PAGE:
From Jennifer Marohasy
April 7, 2023 By jennifer
Back in the 1950s, it was only after Easter each year, that resorts on Great Barrier Reef islands allowed tourists to visit and stay. It was only after Easter that it was considered safe, because that was the end of the cyclone season.
The Australian Bureau of Meteorology now classify the period from November to April as the cyclone season, and most years they predict an increase in both the number and intensity of cyclones. For example, earlier this year it was announced via The Australian Broadcasting Corporation that:
For Queensland climatologically, we see the most cyclones in February, and we also see quite a few in March as well,” senior meteorologist Laura Boekel said.
The BOM’s latest cyclone outlook, released in October, predicted more tropical cyclones that average this season.
Year on year, however, contrary to human-caused global warming theory, neither the number nor intensity of cyclones has increased at the Great Barrier Reef. The available data shows that there has been a steady decline in both the number and intensity of cyclones since the 1970s.
This is probably why coral cover, as measured around the perimeter of coral reefs, is reported to be so high. The most recent Australian Institute of Marine Science survey reported coral cover to be the highest in 36 years. Cyclones can be incredibly damaging to corals, with fewer cyclones there will be more coral.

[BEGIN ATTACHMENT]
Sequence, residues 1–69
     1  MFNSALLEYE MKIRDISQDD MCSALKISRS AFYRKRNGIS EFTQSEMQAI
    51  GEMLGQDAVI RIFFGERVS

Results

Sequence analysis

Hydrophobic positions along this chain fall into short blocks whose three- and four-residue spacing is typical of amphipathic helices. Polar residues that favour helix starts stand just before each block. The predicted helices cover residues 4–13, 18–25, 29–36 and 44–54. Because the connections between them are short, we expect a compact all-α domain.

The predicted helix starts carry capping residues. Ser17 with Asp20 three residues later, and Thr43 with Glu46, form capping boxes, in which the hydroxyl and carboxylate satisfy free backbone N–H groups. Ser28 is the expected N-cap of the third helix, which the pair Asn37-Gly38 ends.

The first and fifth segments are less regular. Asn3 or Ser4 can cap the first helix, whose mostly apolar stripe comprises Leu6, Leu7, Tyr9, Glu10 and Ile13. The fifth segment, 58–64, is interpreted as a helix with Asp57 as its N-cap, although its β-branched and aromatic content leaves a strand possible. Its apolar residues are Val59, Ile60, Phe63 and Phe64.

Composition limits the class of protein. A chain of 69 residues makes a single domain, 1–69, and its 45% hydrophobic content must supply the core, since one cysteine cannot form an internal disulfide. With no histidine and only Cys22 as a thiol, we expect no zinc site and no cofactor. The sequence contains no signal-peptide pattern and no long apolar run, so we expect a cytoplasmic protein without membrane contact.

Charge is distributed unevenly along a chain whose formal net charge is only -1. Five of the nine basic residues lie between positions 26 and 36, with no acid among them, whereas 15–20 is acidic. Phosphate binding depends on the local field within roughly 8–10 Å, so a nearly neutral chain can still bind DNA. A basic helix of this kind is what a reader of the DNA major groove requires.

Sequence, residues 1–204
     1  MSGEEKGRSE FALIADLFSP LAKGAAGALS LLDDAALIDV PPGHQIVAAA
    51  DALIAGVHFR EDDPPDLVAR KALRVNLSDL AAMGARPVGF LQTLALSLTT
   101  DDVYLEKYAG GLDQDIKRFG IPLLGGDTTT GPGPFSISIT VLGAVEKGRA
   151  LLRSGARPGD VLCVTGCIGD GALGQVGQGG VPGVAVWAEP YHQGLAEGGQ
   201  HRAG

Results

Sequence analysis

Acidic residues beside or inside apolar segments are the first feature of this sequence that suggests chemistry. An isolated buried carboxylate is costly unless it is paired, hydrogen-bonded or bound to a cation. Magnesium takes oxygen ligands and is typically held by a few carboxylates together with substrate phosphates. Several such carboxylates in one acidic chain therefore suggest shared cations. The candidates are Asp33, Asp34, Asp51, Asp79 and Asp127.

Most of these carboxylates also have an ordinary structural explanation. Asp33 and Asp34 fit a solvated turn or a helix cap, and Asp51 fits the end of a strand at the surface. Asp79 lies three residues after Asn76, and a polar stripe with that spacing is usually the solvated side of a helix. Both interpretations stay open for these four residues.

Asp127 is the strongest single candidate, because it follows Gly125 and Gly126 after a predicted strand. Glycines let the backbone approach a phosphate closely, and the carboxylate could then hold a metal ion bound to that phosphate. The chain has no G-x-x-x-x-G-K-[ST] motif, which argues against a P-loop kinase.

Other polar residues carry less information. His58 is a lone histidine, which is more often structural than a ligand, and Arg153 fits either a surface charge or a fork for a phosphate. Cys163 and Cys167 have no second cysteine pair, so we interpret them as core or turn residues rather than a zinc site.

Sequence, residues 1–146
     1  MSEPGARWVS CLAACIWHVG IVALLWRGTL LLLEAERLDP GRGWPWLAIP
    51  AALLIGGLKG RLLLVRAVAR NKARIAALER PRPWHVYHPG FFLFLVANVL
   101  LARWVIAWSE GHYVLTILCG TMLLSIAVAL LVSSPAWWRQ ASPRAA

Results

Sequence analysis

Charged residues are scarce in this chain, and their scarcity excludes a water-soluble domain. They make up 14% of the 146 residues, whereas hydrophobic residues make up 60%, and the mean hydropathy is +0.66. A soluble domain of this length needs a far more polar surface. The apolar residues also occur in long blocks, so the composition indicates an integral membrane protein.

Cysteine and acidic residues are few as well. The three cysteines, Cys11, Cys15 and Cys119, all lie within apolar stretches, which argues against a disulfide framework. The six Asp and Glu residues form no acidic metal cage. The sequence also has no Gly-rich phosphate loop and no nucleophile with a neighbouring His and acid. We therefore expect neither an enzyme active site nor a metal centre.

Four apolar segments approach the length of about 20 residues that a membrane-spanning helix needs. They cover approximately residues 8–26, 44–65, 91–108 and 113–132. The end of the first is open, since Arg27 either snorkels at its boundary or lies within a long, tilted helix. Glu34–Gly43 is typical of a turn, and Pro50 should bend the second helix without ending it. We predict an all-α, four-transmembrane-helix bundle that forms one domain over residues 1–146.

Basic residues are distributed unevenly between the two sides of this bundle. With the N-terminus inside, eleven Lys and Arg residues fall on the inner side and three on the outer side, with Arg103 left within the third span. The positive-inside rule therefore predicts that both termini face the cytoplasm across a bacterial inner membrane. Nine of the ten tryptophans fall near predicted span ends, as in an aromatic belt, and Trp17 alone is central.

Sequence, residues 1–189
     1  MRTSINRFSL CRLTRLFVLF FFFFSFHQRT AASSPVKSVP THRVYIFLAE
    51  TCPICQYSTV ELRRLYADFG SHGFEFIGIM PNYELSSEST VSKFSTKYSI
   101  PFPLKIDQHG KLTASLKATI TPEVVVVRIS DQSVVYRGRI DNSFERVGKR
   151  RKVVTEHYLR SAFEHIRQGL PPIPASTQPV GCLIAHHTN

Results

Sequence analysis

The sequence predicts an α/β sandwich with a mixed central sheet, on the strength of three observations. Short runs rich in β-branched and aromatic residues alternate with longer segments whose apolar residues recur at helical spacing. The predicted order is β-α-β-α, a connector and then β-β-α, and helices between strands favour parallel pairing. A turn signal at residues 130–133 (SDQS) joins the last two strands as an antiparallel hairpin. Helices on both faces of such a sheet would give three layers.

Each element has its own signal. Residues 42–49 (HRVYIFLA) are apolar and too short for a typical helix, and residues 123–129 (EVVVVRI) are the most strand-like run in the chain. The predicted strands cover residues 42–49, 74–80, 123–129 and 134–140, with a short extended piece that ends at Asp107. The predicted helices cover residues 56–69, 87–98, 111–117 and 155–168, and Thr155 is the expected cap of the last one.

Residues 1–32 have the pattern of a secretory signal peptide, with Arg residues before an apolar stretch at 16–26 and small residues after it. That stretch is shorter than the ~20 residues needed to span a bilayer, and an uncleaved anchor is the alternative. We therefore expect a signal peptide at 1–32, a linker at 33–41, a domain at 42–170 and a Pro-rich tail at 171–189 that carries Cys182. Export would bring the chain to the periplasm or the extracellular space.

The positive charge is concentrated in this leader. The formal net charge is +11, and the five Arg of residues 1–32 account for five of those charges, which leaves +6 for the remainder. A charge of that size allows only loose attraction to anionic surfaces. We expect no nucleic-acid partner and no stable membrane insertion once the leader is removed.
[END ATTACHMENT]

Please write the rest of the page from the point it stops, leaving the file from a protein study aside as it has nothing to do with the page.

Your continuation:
The number and intensity of cyclones as published by The Australian Bureau of Meteorology, more information at http://www.bom.gov.au/cyclone/tropical-cyclone-knowledge-centre/history/climatology/
Contrary to expectations, this last 2022-23 season has also been quiet, with few cyclones. The exact number will hopefully be published at the Bureau’s cyclone page, that is here. But I doubt there will be a media release.
My mother lived and worked on Heron Island at the Great Barrier Reef in 1955. That was the same year Bob Endean established the University of Queensland Heron Island Research Station. He went on to become a famous marine biologist, and instrumental in the formation of the Great Barrier Reef Marine Park Authority (GBRMPA) in 1975. (They apparently drank together some evening, Mum the liquor Crème de menthe while Bob drank beer.)
There are photographs of my mother, then Joan Edith Pearce, standing knee deep surrounded by Porites coral micro atolls that are stunted and bleached.
Mum says no one talked about ‘coral bleaching’ back then, it was always crown-of-thorn star fish that were going to cause the imminent demise of the Great Barrier Reef.
Mum, who is now 92, will tell you that the only mention of ‘bleaching’ back then was of the laundry, that was her responsibility.
Mum migrated to Australia after the war. She took jobs that also provided accommodation; working first at a Tuberculous hospital in Melbourne before moving north to Queensland and the Great Barrier Reef, and from Queensland hitch hiking to Darwin where she meet and married my father.
Mum has always been adventurous. And at 92 she recently decided to packing up, and is moving again, this time to Cairns. So, she is back at the Great Barrier Reef.
Joan Edith with Caroline watching the tide go out from Cairn’s Harbour.
There is a page at this website with more photographs of Mum at Heron Island, and also a link to her autobiography: https://jennifermarohasy.com/joanedith/
The feature image shows my mother amongst coral micro-atolls at Heron Island on a low tide in April 1955.
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